Researchers at Case Western have found an enzyme, more common in female brains, which appears to be responsible for driving the formation of tau protein clumps — a key Alzheimer’s biomarker.
Although it has long been known that women are more susceptible to Alzheimer’s than men – two-thirds of Americans with Alzheimer’s are women – there hasn’t been a consensus about why. Researchers from Case Western Reserve University believe that they have found a possible culprit for why women suffer from Alzheimer’s so much more often than men. They found a new link between a specific enzyme and one of the most commonly believed culprits of Alzheimer’s, the tau protein.
“We are particularly excited about this finding because it provides a basis for the development of new neuroprotective medicines,” said David Kang, the Howard T. Karsner Professor in Pathology at the Case Western Reserve School of Medicine, in a press release. “This study also sets a framework for identifying other X-linked factors that could confer increased susceptibility to tauopathy in women.”
The research findings show that female brains secrete more of an enzyme called ubiquitin-specific peptidase 11, or USP11. USP11 removes ubiquitin tags from proteins: This includes the infamous tau protein, one of the major brain suspects of Alzheimer’s. USP11 is sex-linked to the x chromosome, of which women have two, while men only have one. Since women have higher levels of USP11, they end up with more clumps of tau proteins, the study shows.
“When a particular tau protein is no longer needed for its nerve cell’s function, it is normally designated for destruction and clearance,” Kang said. “Sometimes this clearance process is disrupted, which causes tau to pathologically aggregate inside nerve cells. This leads to nerve cell destruction in conditions called tauopathies, the most well-known of which is Alzheimer’s disease.”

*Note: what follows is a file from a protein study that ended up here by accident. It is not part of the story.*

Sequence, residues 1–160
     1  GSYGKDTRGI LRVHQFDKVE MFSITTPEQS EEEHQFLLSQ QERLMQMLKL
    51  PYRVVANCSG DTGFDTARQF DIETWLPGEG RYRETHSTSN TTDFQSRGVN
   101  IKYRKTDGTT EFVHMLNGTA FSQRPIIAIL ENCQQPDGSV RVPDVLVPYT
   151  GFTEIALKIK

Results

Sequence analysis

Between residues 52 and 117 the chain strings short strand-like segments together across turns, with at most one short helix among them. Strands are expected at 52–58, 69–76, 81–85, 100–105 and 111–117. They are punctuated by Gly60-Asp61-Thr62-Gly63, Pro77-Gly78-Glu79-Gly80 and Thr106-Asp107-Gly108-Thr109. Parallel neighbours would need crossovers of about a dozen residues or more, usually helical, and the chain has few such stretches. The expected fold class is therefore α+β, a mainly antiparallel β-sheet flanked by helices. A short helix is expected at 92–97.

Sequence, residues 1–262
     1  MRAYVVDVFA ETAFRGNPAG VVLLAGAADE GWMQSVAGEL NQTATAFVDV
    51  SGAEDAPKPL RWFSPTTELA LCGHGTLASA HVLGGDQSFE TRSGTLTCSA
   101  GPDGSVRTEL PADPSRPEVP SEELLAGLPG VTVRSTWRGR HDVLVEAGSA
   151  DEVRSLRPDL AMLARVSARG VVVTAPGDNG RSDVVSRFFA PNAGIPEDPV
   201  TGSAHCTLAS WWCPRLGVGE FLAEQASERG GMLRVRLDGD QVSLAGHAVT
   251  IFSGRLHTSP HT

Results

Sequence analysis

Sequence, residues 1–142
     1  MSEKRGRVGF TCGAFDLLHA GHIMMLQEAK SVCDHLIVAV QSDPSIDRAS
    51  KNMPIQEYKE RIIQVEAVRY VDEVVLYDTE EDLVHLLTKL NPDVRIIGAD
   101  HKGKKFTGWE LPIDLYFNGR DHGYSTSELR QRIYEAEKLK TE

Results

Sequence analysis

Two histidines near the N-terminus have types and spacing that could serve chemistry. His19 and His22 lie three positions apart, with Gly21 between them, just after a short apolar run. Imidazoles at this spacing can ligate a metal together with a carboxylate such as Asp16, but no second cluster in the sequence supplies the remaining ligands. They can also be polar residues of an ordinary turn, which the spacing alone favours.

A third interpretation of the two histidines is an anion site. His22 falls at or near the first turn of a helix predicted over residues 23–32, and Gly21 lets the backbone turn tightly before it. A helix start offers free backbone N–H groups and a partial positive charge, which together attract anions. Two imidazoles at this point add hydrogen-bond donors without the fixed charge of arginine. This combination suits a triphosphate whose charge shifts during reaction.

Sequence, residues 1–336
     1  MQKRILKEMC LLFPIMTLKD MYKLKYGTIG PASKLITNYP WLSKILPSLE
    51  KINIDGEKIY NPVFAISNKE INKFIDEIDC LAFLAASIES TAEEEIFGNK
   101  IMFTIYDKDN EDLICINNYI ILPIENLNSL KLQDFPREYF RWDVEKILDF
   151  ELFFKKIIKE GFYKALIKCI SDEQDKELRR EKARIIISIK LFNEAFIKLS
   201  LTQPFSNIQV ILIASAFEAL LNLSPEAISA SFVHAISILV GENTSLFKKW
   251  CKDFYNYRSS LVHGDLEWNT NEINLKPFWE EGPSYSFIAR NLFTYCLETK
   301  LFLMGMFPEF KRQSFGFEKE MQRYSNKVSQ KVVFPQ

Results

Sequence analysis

The study didn’t originate as a way to better understand the higher prevalence of Alzheimer’s disease in women. Rather, it began as a screen to identify enzymes that removed ubiquitin from tau proteins, as malfunctioning of the ubiquitin tagging process can lead to tau buildup.
The researchers went on to remove USP11 from female mice and found that removing the gene protected against tau accumulation and was shown to ease cognitive decline. With USP11 eliminated, the female mice were even more protected from tau pathology than male mice who underwent the same procedure.
Tau buildup doesn’t only trigger Alzheimer’s disease. It is also related to multiple system atrophy, corticobasal degeneration, frontotemporal dementia, and chronic traumatic encephalopathy, or CTE.
The study authors point out that though this may seem like cause for alarm, it is actually a positive: It could lead to more specified treatments.
“If you don’t know the cause, you can’t do anything about it,” Kang said. With a focus on a possible cause, research teams can target USP11 in further studies and drug development.
Until this research matures and leads to the next steps, women can only focus on modifiable lifestyle factors to individually decrease their risk of developing Alzheimer’s. Women (and men!) should focus on staying active, eating a balanced diet, and maintaining social connections.
Next, researchers need to determine if the way the mouse brains reacted to the experiment translates to humans. The research team is optimistic about the findings because, historically, enzymes respond well to pharmacological interventions. They believe that this breakthrough could lead to the development of drugs to protect women from their higher incidence of Alzheimer’s disease.